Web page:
Ishigami's Open Desk Policy Comes Under Fire

John Hill
25. March 2019
Image: Serpentine Pavilion 2019, Design Render, Interior View, © Junya Ishigami + Associates

(Updated 3/27) The Serpentine Gallery, which selected Junya Ishigami + Associates to design this year's Serpentine Pavilion, is being criticized over Ishigami's use of unpaid interns, a practice that runs counter to the UK's policy to pay all employees.

The Architects' Journal published a piece on Friday about how Ishigami's "award-winning practice uses unpaid interns in its Tokyo studio," a story that was subsequently picked up by the Guardian and other news outlets in the UK and beyond.

"Conditions" described in an email from Ishigami's office to a prospective intern that AJ obtained include a six-day work week, 11-hour days, and that interns use their own computers and software. All of this on top of no pay.

The Serpentine Gallery awarded Ishigami the prestigious commission for the Serpentine Pavilion a month ago. Ishigami is the first Japanese architect to design the pavilion in London's Kensington Gardens since Sou Fujimoto in 2013, two years after RIBA required all employees in chartered practices to be paid at least minimum wage.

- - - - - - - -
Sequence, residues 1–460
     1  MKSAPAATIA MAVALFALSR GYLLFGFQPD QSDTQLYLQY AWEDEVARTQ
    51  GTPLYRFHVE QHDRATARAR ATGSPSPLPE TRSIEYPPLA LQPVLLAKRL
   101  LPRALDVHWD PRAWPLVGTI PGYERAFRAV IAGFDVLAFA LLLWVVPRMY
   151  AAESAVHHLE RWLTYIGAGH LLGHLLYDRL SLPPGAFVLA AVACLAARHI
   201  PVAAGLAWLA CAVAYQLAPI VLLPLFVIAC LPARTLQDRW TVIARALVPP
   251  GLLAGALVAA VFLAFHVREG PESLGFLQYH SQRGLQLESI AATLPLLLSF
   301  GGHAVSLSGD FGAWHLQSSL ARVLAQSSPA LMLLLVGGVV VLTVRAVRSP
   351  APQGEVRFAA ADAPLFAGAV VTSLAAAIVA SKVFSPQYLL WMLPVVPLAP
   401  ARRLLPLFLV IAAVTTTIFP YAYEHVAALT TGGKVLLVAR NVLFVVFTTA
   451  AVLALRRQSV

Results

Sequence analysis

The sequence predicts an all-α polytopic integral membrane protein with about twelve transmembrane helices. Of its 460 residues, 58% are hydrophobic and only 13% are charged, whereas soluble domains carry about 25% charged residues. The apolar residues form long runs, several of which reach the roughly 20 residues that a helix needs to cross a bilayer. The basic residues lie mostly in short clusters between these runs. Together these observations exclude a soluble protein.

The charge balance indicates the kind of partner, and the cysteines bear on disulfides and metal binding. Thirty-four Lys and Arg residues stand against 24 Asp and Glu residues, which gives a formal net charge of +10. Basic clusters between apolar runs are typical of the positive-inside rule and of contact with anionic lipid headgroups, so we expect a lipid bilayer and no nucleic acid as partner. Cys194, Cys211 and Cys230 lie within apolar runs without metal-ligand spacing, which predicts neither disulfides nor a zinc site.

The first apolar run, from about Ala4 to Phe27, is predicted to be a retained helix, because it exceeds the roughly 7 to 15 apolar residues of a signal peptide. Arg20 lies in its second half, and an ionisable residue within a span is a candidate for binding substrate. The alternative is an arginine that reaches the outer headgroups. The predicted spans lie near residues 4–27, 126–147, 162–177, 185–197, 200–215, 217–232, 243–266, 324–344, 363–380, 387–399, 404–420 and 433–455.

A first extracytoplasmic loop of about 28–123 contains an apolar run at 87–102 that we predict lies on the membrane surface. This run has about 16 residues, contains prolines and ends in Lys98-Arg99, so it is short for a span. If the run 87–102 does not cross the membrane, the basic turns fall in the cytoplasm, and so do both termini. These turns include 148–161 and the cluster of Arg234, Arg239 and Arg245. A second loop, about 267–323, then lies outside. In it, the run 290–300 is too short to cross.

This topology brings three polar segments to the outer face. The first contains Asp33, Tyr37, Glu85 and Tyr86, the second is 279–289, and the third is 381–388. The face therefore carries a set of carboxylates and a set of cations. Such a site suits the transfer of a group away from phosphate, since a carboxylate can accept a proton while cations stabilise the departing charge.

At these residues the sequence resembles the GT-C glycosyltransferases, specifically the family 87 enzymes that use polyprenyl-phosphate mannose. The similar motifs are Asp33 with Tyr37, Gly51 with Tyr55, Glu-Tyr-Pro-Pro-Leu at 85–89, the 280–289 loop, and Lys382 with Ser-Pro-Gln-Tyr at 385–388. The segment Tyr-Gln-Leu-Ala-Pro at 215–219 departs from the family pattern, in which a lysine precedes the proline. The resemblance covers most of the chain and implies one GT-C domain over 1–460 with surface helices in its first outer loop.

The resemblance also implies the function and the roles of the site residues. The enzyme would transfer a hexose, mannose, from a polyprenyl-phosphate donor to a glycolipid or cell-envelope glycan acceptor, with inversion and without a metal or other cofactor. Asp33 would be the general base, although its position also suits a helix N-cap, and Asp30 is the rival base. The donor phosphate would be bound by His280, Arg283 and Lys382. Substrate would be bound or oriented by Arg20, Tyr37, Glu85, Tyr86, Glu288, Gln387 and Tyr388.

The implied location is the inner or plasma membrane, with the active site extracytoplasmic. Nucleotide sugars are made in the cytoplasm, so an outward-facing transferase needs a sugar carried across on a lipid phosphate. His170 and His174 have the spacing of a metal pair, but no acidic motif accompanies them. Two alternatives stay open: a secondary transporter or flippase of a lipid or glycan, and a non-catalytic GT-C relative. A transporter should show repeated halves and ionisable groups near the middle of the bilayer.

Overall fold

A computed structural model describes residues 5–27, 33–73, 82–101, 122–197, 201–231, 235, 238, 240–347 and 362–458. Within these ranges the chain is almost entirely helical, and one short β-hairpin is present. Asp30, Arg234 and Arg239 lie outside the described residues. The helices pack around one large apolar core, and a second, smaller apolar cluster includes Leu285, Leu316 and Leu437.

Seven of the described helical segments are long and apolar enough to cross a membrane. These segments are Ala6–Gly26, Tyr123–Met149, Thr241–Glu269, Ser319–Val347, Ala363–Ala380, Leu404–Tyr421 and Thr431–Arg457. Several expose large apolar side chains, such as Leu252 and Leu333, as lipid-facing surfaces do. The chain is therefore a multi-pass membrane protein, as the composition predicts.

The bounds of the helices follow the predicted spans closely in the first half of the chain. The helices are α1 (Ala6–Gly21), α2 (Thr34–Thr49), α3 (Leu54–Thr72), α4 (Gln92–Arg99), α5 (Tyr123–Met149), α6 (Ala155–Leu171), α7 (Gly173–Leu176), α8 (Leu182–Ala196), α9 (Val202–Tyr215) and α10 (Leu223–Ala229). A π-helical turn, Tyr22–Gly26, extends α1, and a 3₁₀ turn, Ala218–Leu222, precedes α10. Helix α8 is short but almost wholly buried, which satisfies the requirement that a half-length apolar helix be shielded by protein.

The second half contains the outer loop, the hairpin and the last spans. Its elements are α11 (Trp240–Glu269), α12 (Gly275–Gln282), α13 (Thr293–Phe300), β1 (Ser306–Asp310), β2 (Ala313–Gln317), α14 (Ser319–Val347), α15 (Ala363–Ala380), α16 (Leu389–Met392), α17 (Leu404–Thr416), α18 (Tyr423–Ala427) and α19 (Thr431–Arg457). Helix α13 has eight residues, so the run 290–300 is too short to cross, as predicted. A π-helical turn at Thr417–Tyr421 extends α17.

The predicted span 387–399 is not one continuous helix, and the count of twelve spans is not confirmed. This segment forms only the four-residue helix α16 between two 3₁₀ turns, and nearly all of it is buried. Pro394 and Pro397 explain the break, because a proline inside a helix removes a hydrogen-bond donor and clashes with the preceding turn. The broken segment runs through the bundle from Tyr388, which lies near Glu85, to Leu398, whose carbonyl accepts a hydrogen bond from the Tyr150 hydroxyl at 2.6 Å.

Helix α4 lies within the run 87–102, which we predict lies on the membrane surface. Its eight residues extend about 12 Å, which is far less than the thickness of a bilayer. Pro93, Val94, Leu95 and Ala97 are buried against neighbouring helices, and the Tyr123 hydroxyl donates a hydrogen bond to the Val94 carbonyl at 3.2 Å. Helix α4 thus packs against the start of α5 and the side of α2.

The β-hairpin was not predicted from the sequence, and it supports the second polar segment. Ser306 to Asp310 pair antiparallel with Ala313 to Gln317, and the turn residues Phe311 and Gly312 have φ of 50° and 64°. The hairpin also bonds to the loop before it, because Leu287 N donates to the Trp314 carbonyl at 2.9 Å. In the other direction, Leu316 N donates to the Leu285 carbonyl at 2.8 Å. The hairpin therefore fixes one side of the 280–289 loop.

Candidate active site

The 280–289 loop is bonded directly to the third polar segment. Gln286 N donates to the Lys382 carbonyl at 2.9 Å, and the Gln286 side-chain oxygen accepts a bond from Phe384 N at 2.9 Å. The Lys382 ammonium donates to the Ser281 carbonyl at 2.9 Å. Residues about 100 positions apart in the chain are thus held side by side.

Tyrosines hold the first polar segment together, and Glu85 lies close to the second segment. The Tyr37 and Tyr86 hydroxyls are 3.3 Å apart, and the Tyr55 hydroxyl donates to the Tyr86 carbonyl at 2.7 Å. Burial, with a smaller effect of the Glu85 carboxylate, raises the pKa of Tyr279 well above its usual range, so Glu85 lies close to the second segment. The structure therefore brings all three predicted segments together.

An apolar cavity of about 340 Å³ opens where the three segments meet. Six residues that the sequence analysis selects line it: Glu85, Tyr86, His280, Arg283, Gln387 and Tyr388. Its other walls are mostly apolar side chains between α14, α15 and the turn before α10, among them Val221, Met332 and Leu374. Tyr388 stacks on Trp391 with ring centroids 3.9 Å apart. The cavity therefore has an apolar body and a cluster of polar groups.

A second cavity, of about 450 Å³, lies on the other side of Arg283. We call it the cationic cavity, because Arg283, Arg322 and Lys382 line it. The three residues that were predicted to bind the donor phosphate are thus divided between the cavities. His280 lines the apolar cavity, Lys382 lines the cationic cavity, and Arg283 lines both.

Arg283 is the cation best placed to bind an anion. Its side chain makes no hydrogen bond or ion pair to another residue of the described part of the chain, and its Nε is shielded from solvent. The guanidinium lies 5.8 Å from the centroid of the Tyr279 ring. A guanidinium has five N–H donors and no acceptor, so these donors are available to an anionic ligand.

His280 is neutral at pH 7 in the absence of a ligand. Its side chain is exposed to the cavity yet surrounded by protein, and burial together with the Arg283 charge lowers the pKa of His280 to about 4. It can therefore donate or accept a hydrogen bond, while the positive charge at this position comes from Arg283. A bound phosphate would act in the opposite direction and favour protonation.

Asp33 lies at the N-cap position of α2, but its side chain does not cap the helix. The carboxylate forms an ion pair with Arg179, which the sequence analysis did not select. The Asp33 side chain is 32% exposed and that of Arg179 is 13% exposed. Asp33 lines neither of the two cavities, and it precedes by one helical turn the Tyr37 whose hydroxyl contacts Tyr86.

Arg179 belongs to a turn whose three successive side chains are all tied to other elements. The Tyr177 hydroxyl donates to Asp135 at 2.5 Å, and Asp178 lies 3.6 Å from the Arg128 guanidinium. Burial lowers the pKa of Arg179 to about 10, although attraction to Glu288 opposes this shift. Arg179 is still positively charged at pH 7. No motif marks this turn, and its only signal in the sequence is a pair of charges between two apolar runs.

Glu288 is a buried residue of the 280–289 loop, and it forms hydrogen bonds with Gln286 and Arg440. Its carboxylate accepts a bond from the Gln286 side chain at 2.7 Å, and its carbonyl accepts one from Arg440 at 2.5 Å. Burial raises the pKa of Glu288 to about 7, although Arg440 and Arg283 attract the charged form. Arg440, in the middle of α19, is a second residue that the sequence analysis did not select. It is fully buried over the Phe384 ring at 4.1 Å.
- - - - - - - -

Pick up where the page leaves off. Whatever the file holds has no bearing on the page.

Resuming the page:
Fujimoto has openly discussed his use of unpaid interns. Known in Japan as "open desk" policy, where students have the opportunity to work with famous architects and maybe be hired by them, Fujimoto described the practice as common there and a plus for both students and architects.

Given that the Serpentine Gallery must have been aware of Fujimoto's policy -- if not before his pavilion, then after it -- and that open desks are common, it is likely that it knew of the same situation in Ishigami's studio. Yet so far the Serpentine has only said, through a spokesperson, that it "only supports paid positions on all of its projects and commissions."

Update 3/27: Yesterday the Serpentine Gallery released a statement indicating that it will not allow unpaid internships on its projects, thereby forcing Ishigami's office to pay the interns working on this year's Serpentine Pavilion. A Serpentine spokesperson told AJ: "Junya Ishigami + Associates are now aware of the Serpentine’s policy that all positions working on the Serpentine Pavilion 2019 must be paid."
While this partial victory will allow the pavilion to move forward, it's certainly not the end of the controversy. If anything, it's just the start of a longer conversation about unpaid labor in a country that doesn't tend to discuss it yet also embraces it.

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